CHANGE AND HOPE,IN POETS’ HEARTS

Mehru Jaffer

The extreme cold this winter took me back to Ali Sardar Jafri’s Five Nights of Lucknow, first published in 1998 as a collection of 11 terrific essays.

In the chapter titled Fourth Night, it is written how stormy the weather was in December 1941. This was on the eve of the civil disobedience call against the British by Mohandas Karamchand Gandhi in August 1942, to quit India. Politics around the world was hot and Indian hearts and minds were filled with hope of a better life after the retreat of the colonialists from South Asia.

Jafri, the revolutionary Urdu poet, was then not yet 30. He was excited about meeting other new age poets such as Jan Nisar Akhtar, who was even younger, at a poetic soiree led by Josh Malihabadi and hosted by All India Radio. Sharing the stage that evening with them were Asrar ul Haq Majaz, Faiz Ahmed Faiz, Moin Ahsan Jazbi and the slightly older Makhdoom Mohiuddin from Hyderabad. In the audience sat Razia and Sajjad Zaheer, Anwar Jamal Kidwai, Sibtey Hasan and Ahmad Ali.

Once the formal event was over, the caravan of youthful poets stepped into the cold and, braving the freeze at midnight, walked across the city to the Khandari Lane home of Jafri in the Lalbagh neighbourhood.

The raging storm had made the gigantic tamarind tree outside Jafri’s humble home sway like a demon. Street bulbs strung on electric wires oscillated back and forth, making shadows do crazy dances.

The poets trooped into a room strewn with a few cane chairs, one table and three beds woven in rope. All the furniture was pushed aside and straw mats were spread on the floor. Two buckets were turned over for use as candelabras. The fireplace was lit.

There was peace in the room. Warmth radiated from the fireplace as well as from the fevered hearts of youngsters filled with thoughts of freedom and social justice. Despite the cold, despite a lack of light there was enough warmth to make all the faces in the room beam in togetherness. Every forehead glowed. Hearts were on a high. It was difficult to say whether poetry had inebriated them, or the bottle.

Meanwhile, the angry knuckles of the tempest outside continued to knock loudly on the door, making the candle flames quiver.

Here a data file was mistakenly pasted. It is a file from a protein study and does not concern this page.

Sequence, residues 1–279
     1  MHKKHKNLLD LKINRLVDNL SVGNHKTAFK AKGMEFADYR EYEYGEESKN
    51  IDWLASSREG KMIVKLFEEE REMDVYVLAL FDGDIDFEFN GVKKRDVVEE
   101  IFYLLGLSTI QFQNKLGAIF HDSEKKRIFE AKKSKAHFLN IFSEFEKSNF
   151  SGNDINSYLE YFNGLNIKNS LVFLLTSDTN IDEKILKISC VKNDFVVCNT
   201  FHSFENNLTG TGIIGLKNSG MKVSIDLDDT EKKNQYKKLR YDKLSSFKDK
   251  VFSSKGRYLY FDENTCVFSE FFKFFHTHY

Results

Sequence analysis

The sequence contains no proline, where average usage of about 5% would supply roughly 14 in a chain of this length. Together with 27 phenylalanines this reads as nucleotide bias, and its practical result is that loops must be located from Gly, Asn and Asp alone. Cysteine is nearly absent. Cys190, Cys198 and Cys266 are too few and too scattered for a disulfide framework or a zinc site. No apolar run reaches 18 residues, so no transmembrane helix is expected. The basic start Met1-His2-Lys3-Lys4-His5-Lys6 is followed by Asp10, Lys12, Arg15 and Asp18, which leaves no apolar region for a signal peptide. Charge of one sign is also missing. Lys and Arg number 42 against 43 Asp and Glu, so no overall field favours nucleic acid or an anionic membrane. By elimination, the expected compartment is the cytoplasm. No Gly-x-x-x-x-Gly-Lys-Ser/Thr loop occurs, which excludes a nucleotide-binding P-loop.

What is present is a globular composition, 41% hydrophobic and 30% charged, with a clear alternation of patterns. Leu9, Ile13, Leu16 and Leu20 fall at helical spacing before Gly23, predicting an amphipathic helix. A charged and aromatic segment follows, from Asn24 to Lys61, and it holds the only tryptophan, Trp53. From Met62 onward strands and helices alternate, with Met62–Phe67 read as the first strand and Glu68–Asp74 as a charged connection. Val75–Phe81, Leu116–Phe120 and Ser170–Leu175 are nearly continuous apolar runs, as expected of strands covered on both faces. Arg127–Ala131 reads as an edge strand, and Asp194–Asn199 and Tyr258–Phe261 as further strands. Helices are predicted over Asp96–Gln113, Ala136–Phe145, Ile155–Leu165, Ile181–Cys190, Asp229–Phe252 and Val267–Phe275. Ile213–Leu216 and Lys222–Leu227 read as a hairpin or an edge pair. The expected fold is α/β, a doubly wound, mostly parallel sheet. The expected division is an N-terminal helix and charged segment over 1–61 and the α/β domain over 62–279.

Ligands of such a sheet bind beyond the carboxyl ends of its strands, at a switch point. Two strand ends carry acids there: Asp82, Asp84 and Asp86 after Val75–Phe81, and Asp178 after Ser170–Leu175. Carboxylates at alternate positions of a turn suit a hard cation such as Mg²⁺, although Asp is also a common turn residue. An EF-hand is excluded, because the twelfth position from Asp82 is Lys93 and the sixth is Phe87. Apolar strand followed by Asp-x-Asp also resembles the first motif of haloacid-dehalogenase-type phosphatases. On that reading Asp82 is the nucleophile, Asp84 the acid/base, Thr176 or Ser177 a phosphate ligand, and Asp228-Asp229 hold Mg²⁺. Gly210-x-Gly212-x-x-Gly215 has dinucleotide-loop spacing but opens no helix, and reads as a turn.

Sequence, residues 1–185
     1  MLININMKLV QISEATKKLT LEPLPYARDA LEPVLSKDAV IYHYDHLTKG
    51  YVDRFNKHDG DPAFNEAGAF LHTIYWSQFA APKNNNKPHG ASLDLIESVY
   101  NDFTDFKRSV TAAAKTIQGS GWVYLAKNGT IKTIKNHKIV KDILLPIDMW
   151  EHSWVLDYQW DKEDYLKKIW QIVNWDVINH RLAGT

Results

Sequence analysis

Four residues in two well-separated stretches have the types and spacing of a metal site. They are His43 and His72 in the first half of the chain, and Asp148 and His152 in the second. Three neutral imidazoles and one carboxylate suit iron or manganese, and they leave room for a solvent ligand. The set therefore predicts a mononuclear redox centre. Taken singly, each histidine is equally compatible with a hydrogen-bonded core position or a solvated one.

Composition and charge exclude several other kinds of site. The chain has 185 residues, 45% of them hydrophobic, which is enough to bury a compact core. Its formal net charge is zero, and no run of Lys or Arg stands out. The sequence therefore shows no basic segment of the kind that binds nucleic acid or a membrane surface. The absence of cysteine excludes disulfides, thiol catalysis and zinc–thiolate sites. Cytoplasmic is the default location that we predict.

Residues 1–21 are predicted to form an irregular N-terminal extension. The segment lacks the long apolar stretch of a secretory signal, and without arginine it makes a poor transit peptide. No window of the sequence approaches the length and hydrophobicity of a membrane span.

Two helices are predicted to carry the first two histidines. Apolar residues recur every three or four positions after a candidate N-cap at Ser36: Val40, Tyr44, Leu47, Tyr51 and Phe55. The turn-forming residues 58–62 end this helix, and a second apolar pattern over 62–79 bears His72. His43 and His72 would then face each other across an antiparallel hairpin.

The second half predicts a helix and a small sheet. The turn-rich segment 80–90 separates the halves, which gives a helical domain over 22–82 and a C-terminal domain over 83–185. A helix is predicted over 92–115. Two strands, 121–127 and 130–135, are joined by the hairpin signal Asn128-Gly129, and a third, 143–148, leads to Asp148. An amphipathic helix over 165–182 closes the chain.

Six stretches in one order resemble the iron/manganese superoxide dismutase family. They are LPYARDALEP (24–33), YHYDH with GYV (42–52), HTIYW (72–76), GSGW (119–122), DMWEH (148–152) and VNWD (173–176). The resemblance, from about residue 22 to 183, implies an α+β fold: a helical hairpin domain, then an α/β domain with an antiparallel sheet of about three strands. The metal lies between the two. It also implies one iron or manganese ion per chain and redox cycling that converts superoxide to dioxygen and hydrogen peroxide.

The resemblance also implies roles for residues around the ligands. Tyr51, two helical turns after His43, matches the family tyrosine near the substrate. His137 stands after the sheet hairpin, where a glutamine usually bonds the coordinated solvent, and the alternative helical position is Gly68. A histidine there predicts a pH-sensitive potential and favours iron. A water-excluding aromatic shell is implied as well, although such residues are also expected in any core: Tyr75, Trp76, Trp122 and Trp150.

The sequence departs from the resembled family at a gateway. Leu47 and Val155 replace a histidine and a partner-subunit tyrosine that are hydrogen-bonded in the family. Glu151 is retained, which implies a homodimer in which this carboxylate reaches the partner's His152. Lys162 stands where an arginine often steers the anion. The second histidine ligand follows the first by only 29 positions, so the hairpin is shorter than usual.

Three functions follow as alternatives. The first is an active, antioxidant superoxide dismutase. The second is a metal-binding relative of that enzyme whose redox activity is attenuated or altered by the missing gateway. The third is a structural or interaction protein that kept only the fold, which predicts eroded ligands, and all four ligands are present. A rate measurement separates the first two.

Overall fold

Deaf to the din, the poets who came from different parts of the region, concentrated on catching up with each other’s feelings. They sat around the upturned buckets and smiled in the flickering light. Despite the paucity of everything else, plenty of admiration was expressed for each other’s work without envy, jealousy or suspicion.

That evening was filled with camaraderie as poet after poet forgot his own work and recited what the other
had written.

Faiz said that there was a poem about a man who did not care for the shore while his boat was safe, or broken, which everyone was reciting in Lahore but whose name is unknown:

Jab kishti sabit aur saalim thii sahil ki tamanna kisko thii ab aisi shikastha kishti par sahil ki tamanna kaun kare?

Jazbi’s face lit up, listening to Faiz reciting his poem. He got up and hugged Faiz and, to the rhythm of the winds blowing mercilessly outside, he recited Faiz, so full of hope that the dark night would soon emerge from the clutches of dusk, bathed in serene moonlight:

Gul hui jaathi hai afsurda sulagthi hui shaam, dhul ke niklegi abhi chashme mehtab se raat, aur mushtaq nigahon ki suni jayegi aur un hathon se mas honge ye tarsey huye haath.

Faiz smiled some more as Majaz continued to wonder if the screen was splashed with colour because of the beloved’s beauty, or her clothing:

Unka rukhsar hai aanchal hai ki pairahan hai, kutcch tho hai jisse hui jaati hai chilman rangin...

Now Jazbi was on his feet, dancing as he recited some more Faiz.

As the night raced with the storm towards dawn, Jazbi kept pace by singing his own composition from Death. Asks Jazbi of death to wait while he wakes up his sleeping life and fills his woeful existence with a little celebration:

Apni soi hui duniya ko jaga lun tho chalun, apne ghum khane mein ek dhoom macha lun tho chalun...

What a beautiful way to want to change the world!

This story is from the print issue of Hardnews: JANUARY 2015